Hopefully when I am gainfully employed and thoroughly indebted to Sallie Mae I will find more time to write.

Until then, check out the “Brain Buffet” I’ll try to keep that updated- because hey- you gotta eat!

-kd-

Here Come the Chickens

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Last fall as the American economy appeared to be slipping over the edge of an economic precipice, those in Congress were faced with some tough choices about whether to prevent giant businesses from going under– in order to spare the economy further economic trauma.

In the midst of all of the chaos and tumultuous stock tickers, then Treasury Secretary Hank Paulson made a bold announcement: he wanted congress to hand him a blank check for $700 billion so he could work his voodoo magic on the economy. In his thinly populated 3 page proposal, he also indicated that congress should mind their business about where he was going to put the money.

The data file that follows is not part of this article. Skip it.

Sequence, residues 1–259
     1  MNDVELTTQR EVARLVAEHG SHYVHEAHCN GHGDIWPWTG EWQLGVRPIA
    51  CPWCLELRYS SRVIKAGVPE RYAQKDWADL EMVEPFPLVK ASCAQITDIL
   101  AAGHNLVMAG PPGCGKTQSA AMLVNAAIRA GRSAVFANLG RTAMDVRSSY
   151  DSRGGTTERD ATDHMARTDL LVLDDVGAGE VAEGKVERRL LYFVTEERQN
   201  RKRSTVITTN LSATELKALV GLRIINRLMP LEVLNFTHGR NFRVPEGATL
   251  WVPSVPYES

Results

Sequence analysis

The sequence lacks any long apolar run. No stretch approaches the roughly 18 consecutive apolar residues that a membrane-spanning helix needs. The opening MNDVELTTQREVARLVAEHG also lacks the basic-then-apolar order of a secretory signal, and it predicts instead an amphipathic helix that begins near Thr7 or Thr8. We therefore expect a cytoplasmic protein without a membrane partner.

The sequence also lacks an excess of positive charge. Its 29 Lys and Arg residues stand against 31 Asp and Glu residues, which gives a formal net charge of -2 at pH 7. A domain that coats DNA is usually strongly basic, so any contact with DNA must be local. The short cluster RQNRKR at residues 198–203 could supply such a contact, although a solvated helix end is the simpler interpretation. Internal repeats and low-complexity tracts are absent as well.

I was proud of the level of public engagement with elected officials, as the outrage of American’s translated into thousands of calls and emails to their representatives and senators. I was equally dismayed at the eventual decision of Congress- to essentially concede to Paulson.

Since that time the Treasury Department has doled out billions of dollars to many businesses- among them- $170 billion to AIG. What did AIG do after receiving their very own welfare check? They sent their employees to a luxury resort in California- a week long respite to the tune of nearly half-a billion dollars. Congress, in all of their indignance, rattled their sabers and made biting remarks to the media about AIG’s wasteful spending of tax payer dollars. BUT, payments to AIG continued.